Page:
I Am An Eat-Out-Aholic

by Contributor

I’m an eat-out-aholic. And you know what? I’m not ashamed to say it. The facts that I’m about to disclose may appall you, but I assure you it’s all under control. Between my girlfriend and I, we spend around $1500 on food every month. I was baffled that we spent so much eating out, but it doesn’t take a genius to figure out how. Eating out is expensive, and when you do it multiple times a week, it adds up quickly.

It may surprise you to find that I am a personal finance blogger and that I manage to spend this much money on food, but $1500 is just the result. Every dollar I spend is conscious. Take a look at the big picture. Only then should you cast your stones of judgement.

What’s the Big Picture

Do you eat out too much?

Do you eat out too much?

Despite my outlandish spending on food, my financial life is in good order. My finances are automated. I take full advantage of my employer’s 401(k) matching. I max out my Roth IRA every year. And overall I have a 27% savings rate on my pre-tax income.

Where do you want to be? How are you going to get there? Answering these questions are key. Once you have the big picture everything else will fall into place. Rather than worrying about individual spending categories, you should focus on the overall well-being of your finances. Create financial goals and create steps to achieve them. By focusing on the big picture, you can rest assured that you will reach your goals. Now that your goals are on track, you know that you have the luxury of spending money on things you love.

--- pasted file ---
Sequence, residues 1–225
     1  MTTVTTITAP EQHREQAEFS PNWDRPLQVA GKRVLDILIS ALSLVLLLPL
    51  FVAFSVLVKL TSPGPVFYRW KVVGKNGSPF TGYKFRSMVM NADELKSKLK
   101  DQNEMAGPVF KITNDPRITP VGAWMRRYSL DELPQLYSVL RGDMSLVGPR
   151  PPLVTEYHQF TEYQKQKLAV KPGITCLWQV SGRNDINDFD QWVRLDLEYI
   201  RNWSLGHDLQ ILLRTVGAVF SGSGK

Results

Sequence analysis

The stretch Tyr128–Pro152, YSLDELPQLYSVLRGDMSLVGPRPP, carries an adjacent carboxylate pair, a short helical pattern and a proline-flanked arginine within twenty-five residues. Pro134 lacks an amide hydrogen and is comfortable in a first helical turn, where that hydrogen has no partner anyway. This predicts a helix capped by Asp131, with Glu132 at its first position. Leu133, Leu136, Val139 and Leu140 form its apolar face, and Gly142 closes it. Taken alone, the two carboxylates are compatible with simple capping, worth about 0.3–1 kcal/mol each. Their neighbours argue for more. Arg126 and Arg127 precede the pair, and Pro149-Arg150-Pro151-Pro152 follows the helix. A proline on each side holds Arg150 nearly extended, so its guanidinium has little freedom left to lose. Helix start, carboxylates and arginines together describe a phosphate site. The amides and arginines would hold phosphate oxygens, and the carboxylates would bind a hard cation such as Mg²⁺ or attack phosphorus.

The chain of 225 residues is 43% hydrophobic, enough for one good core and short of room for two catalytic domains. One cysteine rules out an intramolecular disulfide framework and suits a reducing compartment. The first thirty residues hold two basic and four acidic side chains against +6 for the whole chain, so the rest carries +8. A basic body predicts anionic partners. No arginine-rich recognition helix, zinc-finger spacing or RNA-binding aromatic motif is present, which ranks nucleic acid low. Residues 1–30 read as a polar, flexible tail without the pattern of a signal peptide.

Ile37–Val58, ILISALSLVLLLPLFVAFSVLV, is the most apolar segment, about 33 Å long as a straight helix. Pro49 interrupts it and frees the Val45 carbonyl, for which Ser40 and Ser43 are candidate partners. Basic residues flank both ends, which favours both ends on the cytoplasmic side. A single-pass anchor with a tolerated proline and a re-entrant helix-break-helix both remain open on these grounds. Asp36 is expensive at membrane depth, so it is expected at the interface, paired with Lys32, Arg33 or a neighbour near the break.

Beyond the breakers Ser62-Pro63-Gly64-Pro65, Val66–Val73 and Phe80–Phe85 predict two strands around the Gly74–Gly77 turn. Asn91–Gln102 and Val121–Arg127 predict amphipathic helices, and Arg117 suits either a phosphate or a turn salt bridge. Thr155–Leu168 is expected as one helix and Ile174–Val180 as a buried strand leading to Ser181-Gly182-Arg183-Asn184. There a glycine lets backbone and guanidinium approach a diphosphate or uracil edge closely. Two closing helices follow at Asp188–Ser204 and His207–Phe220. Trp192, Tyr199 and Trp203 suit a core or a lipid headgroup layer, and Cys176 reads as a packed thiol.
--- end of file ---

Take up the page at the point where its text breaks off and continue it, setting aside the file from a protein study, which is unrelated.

Spend on Things You Love

It just so happens that my girlfriend and I love food.

What is your passion? What do you love? You can make the conscious decision to spend a larger portion of your budget on your guilty pleasure. The point is that your spending is conscious. Every dollar that you spend has an opportunity cost. Your money is a finite resource. The goal is to use your finite resource in a way that will maximize your happiness. Spend on the things that you love.

Here in the world of personal finance, we focus so much on saving money that we forget what we’re saving it for. Don’t go through your whole life only to realize you’re filthy rich in money, but poor in experiences.

So There’s No Room for Improvement?

I know that my spending habits aren’t perfect. There’s always room for improvement. It’s only through recognizing our shortcomings that we learn to be better. I’m an eat-out-aholic. What about you? Do you spend freely on your passions?

This was a guest post by Ace, a twenty-something, who writes at Ace of Wealth. Ace is dedicated to helping people make smarter financial decisions. He writes on a wide range of topics from budgeting to behavioral economics. If you liked this article and would like to read more, consider subscribing to his RSS feed.

Photo credit: KayOne73

Published or updated September 6, 2016.
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{ 20 comments… read them below or add one }

1 Kate

You make a great point. My mother, who handles money in a completely different way than I do, always acts shocked when I plunk down $400 to have a family heirloom chair recovered, or some other completely frivolous thing. However, it is because I keep my finances under control that I can afford such extravagances. I clip coupons, don’t get manicures and shop thrift shops so that I can spend money on the things that are important to me.